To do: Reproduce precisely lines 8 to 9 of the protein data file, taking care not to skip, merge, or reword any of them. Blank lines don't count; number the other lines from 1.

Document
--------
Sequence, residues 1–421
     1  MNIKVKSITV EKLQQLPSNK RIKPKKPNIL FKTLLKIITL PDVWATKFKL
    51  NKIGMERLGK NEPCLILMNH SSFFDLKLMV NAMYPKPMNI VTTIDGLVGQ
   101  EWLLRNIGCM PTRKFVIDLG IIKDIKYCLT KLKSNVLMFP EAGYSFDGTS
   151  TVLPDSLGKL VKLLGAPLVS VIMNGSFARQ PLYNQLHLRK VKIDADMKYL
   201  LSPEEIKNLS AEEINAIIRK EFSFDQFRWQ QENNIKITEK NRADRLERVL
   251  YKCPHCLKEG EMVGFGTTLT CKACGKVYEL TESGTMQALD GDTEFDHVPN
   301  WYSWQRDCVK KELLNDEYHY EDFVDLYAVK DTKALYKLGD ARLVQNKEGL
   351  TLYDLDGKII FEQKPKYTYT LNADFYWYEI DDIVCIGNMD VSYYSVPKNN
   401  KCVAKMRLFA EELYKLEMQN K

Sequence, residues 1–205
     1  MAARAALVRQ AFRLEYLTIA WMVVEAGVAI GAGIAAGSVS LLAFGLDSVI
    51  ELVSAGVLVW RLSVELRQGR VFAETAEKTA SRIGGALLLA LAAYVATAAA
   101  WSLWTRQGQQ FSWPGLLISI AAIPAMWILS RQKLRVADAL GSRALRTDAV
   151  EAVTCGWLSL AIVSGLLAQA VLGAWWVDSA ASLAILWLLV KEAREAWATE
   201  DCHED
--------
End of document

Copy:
   301  WYSWQRDCVK KELLNDEYHY EDFVDLYAVK DTKALYKLGD ARLVQNKEGL
   351  TLYDLDGKII FEQKPKYTYT LNADFYWYEI DDIVCIGNMD VSYYSVPKNN